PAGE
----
Cognitive Science Department & Fujian Key Laboratory of the Brain-like Intelligent Systems, Xiamen University, Xiamen, China

Shenzhen Key Lab for High Performance Data Mining, Shenzhen Institutes of Advanced Technology, Chinese Academy of Sciences, Shenzhen, China

Department of Computer Sciences, University of Sherbrooke, Sherbrooke, QC, Canada

Abstract

Background

Clustering DNA sequences into functional groups is an important problem in bioinformatics. We propose a new alignment-free algorithm, mBKM, based on a new distance measure, DMk, for clustering gene sequences. This method transforms DNA sequences into the feature vectors which contain the occurrence, location and order relation of

Results

The proposed distance measure and clustering method are evaluated by clustering functionally related genes and by phylogenetic analysis. This method is also compared with BlastClust, CD-HIT-EST and some others. The experimental results show our method is effective in classifying DNA sequences with similar biological characteristics and in discovering the underlying relationship among the sequences.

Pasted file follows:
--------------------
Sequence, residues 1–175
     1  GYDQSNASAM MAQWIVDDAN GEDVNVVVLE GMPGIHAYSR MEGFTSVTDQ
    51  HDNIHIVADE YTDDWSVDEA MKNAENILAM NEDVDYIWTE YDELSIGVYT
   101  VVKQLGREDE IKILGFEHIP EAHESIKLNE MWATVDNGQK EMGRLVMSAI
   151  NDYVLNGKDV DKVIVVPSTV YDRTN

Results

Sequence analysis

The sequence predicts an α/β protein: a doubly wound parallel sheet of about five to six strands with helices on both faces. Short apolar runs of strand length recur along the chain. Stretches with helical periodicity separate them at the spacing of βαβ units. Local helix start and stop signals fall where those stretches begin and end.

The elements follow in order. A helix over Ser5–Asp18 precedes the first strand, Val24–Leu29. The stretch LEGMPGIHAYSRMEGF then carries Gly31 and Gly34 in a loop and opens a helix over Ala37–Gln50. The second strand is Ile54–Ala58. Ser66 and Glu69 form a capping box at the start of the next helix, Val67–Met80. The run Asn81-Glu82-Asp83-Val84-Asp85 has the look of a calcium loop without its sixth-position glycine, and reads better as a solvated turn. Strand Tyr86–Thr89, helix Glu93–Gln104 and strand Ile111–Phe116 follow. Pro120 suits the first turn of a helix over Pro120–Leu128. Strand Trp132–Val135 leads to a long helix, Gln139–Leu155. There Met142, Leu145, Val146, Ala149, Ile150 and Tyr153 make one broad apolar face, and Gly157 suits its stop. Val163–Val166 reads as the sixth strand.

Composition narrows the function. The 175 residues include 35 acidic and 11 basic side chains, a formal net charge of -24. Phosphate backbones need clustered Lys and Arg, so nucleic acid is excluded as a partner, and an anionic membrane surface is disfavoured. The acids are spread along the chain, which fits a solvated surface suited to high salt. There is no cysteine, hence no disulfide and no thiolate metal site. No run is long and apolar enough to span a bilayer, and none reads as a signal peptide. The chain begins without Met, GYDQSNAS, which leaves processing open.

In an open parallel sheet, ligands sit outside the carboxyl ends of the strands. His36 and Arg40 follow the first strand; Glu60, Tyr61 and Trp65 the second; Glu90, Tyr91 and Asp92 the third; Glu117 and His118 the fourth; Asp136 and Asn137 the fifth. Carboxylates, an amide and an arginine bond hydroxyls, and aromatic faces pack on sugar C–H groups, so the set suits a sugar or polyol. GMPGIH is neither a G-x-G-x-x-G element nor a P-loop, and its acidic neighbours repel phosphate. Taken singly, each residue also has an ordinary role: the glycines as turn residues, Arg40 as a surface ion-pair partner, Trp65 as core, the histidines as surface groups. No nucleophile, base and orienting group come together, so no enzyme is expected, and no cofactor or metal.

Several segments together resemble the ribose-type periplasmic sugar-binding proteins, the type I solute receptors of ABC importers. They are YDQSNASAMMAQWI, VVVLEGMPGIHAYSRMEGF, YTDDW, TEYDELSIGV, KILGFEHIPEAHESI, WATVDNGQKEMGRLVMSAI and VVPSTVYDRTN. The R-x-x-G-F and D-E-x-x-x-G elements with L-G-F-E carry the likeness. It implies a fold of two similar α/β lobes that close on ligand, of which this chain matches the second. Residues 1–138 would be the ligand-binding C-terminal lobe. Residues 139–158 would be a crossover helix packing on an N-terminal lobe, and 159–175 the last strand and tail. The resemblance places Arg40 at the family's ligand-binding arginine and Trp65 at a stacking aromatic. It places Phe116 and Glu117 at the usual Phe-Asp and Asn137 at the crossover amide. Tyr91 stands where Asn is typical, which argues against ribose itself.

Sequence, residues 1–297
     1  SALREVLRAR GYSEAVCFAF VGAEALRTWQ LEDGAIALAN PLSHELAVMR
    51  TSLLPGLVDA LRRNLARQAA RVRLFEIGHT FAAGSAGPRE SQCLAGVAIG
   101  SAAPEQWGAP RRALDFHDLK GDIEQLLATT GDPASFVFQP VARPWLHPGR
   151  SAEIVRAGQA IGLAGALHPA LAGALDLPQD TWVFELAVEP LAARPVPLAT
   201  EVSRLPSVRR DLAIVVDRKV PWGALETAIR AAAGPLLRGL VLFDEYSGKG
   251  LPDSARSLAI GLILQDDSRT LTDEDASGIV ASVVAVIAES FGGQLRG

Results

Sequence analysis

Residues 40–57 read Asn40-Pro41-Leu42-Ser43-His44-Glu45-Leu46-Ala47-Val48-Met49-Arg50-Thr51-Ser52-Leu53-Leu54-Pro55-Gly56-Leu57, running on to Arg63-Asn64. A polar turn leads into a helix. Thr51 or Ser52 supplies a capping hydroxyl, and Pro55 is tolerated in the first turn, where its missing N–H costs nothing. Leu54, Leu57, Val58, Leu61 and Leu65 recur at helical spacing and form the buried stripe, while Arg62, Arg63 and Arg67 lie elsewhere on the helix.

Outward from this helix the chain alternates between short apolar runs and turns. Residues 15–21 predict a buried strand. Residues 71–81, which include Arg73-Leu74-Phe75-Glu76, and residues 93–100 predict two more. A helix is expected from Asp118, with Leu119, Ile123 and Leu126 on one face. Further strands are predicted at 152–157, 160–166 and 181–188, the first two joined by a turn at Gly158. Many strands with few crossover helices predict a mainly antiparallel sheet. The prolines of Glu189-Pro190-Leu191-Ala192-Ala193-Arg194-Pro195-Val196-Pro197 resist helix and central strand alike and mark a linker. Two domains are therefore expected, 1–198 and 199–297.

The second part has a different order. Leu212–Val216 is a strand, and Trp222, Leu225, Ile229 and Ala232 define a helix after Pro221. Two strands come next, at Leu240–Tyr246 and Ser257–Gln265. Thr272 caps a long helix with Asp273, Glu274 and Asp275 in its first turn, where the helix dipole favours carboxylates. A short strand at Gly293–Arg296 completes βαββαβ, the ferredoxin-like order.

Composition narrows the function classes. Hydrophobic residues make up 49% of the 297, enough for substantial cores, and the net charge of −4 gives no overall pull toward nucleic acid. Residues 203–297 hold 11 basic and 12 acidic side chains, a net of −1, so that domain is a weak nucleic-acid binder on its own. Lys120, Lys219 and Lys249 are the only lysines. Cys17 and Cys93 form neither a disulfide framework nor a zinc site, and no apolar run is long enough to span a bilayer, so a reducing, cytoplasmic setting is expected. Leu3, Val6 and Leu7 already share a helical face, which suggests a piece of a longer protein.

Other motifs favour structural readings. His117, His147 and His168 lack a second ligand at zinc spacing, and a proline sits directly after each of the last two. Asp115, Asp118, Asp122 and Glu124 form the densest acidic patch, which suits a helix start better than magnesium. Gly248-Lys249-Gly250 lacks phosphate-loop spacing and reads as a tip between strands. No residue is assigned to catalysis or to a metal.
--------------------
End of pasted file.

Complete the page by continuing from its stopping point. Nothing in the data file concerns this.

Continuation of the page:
Conclusions

We introduced a novel clustering algorithm which is based on a new sequence similarity measure. It is effective in classifying DNA sequences with similar biological characteristics and in discovering the relationship among the sequences.

Background

With the development of advanced biotechnology, more and more biological sequence information has been generated. The amount of genetic data is growing faster than the rate at which it can be analyzed. Clustering techniques provide a viable solution for handling and analyzing such rapidly growing genetic data. Clustering algorithms partition sequences into different biologically meaningful groups, facilitating therefore the prediction of functions of genes

Clustering of gene sequences requires calculation of similarity between sequences. There are two clustering approaches according to the similarity measure used in a clustering method. One is based on sequence alignment. The similarity between two gene sequences is measured by the scores obtained from an alignment algorithm such as BLAST